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BOSTON -- According to a new report issued Thursday by Zero Waste Massachusetts, two million tons of materials banned from the state’s landfills and incinerators end up there each year. The report, entitled “The Need to Enforce: Waste Ban Regulations in Massachusetts” – looks at banned waste being disposed of in the Commonwealth, and provides snapshots of other states and cities with waste bans.
Materials such as paper, cardboard, glass, metal, wood and more have been banned from disposal for years via regulations from the Massachusetts Department of Environmental Protection (DEP). Waste bans are instituted to reduce materials being disposed of in landfills and incinerators, both of which result in varying kinds of pollution, public health problems, and significant costs for cities and towns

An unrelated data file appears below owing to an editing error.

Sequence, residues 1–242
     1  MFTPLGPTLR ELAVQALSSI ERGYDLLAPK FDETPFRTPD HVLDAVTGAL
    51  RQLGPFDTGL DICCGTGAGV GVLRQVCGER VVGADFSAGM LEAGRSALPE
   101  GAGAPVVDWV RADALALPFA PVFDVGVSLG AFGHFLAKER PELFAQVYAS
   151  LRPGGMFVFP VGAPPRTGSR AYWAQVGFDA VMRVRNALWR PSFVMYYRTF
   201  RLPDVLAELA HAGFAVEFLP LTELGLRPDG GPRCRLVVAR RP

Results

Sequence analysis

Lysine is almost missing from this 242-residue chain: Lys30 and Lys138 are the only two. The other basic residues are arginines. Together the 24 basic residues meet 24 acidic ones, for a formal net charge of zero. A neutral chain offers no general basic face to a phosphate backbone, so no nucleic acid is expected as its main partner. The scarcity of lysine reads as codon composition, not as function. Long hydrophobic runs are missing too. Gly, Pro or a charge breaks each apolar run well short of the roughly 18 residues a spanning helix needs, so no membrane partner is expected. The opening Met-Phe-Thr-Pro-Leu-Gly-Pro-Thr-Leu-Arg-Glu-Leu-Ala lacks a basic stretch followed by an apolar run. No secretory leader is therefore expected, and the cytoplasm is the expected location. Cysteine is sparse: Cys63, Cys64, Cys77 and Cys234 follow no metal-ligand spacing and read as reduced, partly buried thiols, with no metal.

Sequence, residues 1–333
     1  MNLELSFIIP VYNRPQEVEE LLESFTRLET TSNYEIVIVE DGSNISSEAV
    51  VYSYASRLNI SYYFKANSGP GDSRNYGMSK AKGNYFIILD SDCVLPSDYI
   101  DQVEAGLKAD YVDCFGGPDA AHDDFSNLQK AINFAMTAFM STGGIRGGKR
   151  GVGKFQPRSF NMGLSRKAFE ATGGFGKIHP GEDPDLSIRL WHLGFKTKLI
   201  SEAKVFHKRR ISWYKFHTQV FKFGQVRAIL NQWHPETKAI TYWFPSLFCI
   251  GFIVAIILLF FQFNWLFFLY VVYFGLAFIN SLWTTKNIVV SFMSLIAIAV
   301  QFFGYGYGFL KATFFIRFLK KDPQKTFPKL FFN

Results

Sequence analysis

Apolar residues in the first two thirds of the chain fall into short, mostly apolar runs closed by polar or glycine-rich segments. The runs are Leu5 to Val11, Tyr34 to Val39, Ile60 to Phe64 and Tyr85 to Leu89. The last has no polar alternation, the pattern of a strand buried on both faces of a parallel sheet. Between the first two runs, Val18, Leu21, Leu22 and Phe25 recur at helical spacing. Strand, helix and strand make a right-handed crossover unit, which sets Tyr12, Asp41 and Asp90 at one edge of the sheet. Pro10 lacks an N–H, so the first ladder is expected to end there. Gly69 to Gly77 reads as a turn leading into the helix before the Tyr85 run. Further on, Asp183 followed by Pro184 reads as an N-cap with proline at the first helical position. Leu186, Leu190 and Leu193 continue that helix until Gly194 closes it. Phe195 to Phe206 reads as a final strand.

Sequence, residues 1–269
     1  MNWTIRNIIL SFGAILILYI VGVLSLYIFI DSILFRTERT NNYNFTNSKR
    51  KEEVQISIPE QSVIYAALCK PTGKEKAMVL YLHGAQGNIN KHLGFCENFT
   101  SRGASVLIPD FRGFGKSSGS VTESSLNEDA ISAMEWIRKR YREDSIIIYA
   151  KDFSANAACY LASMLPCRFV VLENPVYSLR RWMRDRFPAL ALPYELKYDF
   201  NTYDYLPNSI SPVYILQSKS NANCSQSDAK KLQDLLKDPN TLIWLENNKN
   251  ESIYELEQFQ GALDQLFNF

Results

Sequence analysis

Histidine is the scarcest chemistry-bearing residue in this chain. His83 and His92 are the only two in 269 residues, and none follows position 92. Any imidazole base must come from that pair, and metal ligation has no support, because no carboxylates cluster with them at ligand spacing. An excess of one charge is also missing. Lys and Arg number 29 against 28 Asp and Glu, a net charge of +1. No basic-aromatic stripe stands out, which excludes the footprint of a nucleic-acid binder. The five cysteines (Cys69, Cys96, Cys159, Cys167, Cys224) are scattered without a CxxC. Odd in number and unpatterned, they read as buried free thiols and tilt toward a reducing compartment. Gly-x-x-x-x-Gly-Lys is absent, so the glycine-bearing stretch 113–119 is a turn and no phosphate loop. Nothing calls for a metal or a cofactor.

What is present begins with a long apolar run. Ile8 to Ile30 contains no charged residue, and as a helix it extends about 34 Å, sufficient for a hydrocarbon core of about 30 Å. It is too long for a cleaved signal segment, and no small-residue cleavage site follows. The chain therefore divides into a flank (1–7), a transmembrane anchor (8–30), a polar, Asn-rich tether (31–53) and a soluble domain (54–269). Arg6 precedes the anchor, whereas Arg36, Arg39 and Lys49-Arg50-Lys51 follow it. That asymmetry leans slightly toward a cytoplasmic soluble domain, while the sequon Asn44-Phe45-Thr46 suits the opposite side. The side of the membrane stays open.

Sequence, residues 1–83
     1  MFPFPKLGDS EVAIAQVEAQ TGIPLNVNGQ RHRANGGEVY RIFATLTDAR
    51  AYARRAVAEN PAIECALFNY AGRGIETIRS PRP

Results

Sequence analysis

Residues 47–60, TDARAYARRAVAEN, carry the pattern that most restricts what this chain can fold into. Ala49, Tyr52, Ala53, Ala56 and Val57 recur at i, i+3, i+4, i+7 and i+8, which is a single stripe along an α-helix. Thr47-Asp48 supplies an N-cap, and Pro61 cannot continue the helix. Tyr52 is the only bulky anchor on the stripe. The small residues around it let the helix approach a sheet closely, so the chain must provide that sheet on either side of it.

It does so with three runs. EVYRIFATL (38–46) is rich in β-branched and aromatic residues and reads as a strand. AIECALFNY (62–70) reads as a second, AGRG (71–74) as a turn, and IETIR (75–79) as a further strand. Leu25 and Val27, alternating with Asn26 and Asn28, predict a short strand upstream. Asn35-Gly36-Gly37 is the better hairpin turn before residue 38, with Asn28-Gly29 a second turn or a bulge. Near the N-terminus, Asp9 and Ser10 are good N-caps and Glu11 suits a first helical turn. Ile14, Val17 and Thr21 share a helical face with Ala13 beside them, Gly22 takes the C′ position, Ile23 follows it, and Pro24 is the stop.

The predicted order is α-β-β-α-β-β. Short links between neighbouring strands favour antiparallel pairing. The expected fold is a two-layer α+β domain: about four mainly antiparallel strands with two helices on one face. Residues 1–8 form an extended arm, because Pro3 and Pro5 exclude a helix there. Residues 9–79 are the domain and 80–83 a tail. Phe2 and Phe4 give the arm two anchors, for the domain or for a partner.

“The bottom line is: this should not be hard,” said Elizabeth Saunders of Clean Water Action. “There are many environmental problems that are incredibly complicated to solve, but this is straightforward. We could drastically reduce waste in Massachusetts by doing the basics–enforcing the long established DEP waste bans.”
“We need to move away from burying and burning, and towards reducing, reusing, and composting,” said Staci Rubin of Conservation Law Foundation. “A sustainable future means reducing burdens on communities of color and low-income residents who shoulder the brunt of waste disposal. We don’t need to invent any new technologies, we just need the Commonwealth to devote resources to education and enforcement.”
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